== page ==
Finally got AIR to retrieve data from the sensor

After series of failures from trying to make an AIR native extension to leverage my Thinkpad’s awesome accelerometer, I turned to an NativeProcess and got it working! NativeProcess enable AIR to start a native application, input and retrieve output from the native application. To keep things simple, I separate the codes in which are used to retrieve accelerometer data into 2 native applications: 1 to get x acceleration and 1 to get y acceleration. In the video, I’m only getting the y-acceleration.

[youtube http://www.youtube.com/watch?v=z65FlPBCej4&w=420&h=315]

Using native process is very simple, but I find that it needs some workarounds to make it works, which I’m going to blog about.

As an introduction, Jeff Swartz’s guide to native process Interacting with native process (link) is highly recommended. What I found complicated, due to my limited knowledge of C is how to create a stream of stdout. For this project, I’m using fwrite (C++ Reference link) function from stdio.h to create a stdout stream, then use fflush to flush the stream to make sure the data is sent out.

This method means that the data in which ever format it was have to be converted to a string in order to be sent out with fwrite. Now in VC++, this is easy because Microsoft’s stdlib.h header file actually includes a function to convert integer to a string itoa(), but this function is not standard, so in order to use one that is similar, you can use this function to make life lots easier. This is one of my working test source file that may demonstrate the use of itoa() and fwrite(), fflush() to create a stdout stream.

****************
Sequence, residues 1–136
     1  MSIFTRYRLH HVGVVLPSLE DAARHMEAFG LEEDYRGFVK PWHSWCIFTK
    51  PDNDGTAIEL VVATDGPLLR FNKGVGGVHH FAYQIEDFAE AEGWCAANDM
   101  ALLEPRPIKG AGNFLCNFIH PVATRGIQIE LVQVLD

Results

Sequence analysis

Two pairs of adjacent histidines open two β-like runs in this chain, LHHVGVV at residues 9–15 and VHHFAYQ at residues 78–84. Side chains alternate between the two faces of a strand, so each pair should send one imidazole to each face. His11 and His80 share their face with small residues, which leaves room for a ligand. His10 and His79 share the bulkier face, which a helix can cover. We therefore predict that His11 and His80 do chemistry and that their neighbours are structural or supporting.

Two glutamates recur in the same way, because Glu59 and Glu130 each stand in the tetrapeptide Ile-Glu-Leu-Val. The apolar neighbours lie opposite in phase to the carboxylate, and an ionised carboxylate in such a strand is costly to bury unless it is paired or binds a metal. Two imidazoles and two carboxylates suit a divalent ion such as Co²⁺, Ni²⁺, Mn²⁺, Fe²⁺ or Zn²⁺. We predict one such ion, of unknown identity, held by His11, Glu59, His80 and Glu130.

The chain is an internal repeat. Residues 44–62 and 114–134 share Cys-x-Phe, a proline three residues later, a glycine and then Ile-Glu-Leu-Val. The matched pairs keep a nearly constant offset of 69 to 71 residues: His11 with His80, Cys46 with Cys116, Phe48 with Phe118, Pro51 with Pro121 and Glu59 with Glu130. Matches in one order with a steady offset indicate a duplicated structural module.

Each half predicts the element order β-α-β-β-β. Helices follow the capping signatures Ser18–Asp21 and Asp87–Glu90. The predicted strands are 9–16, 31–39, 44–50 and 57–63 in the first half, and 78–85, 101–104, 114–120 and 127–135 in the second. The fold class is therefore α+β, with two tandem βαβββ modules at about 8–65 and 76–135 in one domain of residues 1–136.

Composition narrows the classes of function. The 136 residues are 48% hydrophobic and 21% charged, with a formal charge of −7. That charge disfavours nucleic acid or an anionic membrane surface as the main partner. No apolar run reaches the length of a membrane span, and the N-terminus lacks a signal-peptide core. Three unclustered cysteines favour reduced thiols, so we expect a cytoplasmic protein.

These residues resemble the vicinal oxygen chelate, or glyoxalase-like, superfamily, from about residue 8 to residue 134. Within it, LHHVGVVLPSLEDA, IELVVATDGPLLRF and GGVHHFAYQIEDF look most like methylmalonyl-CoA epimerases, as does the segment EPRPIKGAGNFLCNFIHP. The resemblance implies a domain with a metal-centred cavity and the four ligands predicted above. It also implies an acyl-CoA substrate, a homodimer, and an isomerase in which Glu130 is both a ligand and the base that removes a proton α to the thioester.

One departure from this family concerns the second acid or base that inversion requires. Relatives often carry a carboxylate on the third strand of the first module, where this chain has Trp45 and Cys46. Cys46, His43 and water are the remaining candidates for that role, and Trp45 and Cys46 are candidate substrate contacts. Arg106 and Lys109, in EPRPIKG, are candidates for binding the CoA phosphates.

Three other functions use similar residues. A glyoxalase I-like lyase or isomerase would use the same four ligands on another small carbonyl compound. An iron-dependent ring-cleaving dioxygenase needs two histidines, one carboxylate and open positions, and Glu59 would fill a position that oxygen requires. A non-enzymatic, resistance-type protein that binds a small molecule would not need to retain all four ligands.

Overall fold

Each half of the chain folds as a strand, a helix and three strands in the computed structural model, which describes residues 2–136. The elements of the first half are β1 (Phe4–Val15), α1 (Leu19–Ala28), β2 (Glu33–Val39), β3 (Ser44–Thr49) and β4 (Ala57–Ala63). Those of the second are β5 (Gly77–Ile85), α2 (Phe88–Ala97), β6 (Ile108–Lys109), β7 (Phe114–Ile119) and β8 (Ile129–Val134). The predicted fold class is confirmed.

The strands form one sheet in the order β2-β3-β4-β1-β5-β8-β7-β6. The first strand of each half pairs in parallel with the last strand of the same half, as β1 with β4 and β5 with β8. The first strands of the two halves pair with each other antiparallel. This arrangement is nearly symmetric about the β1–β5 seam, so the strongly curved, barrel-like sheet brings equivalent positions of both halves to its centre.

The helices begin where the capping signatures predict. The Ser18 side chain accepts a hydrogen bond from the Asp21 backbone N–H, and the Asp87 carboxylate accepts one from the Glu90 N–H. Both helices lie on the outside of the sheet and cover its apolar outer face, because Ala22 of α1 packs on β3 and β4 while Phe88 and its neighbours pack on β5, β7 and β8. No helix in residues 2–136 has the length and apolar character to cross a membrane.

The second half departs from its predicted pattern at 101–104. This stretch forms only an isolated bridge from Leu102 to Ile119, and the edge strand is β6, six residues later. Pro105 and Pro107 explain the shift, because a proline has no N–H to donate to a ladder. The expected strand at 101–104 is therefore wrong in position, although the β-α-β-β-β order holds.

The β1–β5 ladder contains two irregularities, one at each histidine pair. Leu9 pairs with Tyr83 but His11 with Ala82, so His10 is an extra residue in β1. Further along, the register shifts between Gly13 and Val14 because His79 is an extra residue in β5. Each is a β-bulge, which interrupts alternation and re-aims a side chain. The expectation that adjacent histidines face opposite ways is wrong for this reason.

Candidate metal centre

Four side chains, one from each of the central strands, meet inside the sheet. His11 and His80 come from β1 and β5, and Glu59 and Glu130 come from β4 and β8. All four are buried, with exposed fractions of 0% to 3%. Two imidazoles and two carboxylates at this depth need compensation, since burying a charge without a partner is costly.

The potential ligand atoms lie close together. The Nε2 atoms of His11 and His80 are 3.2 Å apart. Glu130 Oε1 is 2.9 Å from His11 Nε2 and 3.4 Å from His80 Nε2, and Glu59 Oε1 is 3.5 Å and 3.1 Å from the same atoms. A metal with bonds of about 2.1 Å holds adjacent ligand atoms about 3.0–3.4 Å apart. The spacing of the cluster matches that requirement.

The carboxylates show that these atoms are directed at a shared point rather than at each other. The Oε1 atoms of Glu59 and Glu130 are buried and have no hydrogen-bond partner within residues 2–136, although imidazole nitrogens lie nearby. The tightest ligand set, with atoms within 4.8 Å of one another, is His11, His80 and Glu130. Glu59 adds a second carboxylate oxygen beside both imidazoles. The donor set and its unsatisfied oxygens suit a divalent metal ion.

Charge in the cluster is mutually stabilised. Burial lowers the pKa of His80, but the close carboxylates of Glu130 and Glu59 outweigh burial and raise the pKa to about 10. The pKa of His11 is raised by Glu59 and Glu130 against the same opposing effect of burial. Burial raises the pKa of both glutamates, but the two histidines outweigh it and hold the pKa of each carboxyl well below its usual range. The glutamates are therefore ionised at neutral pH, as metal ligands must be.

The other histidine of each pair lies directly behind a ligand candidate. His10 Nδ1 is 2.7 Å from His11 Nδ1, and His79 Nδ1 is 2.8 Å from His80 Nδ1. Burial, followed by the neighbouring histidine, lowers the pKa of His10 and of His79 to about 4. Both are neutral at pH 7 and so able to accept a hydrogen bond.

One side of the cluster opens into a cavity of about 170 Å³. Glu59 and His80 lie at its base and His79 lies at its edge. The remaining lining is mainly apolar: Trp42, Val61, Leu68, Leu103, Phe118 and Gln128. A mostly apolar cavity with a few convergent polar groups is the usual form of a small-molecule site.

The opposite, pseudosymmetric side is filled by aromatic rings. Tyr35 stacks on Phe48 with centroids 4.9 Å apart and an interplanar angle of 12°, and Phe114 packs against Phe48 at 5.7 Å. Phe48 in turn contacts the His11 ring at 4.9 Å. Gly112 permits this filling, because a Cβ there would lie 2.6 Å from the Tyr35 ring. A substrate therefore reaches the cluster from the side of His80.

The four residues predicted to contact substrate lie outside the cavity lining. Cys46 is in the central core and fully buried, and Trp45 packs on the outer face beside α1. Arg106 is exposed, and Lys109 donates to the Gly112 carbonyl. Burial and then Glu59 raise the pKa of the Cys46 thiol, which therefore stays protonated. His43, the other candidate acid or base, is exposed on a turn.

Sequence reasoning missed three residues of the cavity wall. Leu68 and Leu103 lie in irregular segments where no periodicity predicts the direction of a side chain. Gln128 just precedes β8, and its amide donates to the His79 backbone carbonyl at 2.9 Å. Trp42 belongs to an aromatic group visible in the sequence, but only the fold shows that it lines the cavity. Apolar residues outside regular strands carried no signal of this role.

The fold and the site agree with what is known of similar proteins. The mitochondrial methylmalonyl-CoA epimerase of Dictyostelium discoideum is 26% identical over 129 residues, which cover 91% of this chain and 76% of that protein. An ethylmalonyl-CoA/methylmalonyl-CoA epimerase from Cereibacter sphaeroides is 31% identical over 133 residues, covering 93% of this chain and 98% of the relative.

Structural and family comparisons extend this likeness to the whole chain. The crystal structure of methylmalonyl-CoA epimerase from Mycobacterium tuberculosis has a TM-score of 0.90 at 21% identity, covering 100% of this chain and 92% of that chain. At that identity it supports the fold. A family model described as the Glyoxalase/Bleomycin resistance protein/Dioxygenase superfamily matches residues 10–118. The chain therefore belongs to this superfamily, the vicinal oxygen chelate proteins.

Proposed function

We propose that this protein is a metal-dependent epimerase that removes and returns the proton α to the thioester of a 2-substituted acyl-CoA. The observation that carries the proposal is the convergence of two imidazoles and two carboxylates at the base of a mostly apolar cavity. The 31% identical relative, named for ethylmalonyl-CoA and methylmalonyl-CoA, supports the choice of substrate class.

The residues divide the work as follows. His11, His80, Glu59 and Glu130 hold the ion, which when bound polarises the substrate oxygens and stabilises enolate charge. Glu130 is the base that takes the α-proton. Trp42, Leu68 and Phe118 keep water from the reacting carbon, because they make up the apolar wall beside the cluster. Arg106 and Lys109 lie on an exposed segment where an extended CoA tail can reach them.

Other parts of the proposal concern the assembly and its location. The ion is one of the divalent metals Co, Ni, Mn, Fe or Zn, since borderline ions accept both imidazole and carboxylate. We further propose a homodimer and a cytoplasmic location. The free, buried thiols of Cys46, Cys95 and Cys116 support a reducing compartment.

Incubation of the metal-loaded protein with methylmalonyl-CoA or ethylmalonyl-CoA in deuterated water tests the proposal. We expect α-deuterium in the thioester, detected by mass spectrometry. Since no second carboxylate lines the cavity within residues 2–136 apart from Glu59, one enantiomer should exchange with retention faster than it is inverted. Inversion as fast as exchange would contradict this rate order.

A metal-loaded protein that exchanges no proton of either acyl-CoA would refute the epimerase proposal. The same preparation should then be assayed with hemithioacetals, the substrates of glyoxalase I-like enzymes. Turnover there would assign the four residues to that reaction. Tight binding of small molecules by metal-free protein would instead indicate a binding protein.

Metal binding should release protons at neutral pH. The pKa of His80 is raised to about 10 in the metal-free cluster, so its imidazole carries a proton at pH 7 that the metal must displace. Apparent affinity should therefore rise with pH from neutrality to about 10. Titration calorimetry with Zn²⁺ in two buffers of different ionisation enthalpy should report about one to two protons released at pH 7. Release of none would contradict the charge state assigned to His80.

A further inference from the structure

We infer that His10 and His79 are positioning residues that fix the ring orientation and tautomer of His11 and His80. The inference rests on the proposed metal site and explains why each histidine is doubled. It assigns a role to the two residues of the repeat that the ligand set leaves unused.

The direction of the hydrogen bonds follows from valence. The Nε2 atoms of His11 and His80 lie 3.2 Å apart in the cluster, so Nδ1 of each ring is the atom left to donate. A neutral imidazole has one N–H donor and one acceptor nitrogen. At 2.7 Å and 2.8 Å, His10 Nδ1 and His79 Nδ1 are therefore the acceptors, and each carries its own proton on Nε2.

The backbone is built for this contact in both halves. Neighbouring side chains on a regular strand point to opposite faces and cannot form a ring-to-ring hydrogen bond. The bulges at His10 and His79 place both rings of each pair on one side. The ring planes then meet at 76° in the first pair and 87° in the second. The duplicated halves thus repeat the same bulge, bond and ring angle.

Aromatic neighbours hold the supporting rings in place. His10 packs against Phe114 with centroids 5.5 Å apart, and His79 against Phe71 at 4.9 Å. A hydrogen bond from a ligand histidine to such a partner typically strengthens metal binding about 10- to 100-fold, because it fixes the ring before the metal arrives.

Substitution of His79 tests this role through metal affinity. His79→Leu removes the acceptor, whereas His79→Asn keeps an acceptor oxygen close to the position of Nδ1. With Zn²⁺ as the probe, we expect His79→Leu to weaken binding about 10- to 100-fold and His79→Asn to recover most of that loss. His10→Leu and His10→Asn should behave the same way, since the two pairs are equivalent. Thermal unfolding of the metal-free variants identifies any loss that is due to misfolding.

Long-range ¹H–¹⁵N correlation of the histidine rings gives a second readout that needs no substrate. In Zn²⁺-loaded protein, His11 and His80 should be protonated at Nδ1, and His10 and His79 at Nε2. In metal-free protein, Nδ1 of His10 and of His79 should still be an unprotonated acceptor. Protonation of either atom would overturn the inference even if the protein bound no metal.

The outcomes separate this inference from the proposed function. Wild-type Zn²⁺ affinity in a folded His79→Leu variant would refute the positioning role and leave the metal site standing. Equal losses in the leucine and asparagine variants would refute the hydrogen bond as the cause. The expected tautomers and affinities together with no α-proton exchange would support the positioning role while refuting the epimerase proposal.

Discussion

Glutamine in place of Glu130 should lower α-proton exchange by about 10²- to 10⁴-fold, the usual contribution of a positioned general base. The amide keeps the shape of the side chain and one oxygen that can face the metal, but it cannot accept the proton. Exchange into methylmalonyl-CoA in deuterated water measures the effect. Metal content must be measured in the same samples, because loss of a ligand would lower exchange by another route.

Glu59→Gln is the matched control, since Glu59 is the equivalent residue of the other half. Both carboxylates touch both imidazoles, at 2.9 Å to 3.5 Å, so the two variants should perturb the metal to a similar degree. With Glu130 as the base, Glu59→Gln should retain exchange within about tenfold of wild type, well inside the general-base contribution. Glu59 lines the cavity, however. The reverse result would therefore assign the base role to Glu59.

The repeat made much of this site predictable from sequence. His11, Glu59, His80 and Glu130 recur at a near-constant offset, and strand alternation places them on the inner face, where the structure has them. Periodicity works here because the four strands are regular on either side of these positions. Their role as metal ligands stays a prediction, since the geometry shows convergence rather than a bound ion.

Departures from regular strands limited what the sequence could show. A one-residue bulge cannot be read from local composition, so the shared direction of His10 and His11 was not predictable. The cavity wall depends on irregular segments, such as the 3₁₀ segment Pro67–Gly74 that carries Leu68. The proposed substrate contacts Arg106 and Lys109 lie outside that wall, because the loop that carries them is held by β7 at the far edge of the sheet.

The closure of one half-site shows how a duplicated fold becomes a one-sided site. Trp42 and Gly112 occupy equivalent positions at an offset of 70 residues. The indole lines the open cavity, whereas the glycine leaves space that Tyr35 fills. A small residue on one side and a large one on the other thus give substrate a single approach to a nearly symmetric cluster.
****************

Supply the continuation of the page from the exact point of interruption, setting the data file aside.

#include <stdio.h>
#include <stdlib.h>

int main()
{
    char buffer[10];
    int num = 999;

    itoa(num, buffer, 10);
    //printf("Printf: Number to string: %s.\n", buffer);
    fwrite(buffer, 3, 1, stdout);
    fflush(stdout);
    return 0;
}

Since the data is sent out as a string, in AS3, I then have to convert it back to a Number type. This is relatively easy, but I’ve found that this wouldn’t work.

Number(process.standardOutput.readUTFBytes(process.standardOutput.bytesAvailable));

You would have to create a string in AS3 to store the read UTF bytes, then another Number typed variable to convert the string to Number type.

A very frustrating final problem I found after packaging the source files into an AIR application with native installer, and installing it, is that the AIR application, even though claim to have its native process started, does not have its native process actually started. I might have missed out on something, but it would be great if I don’t have to copy the native application into the installation folder of the application.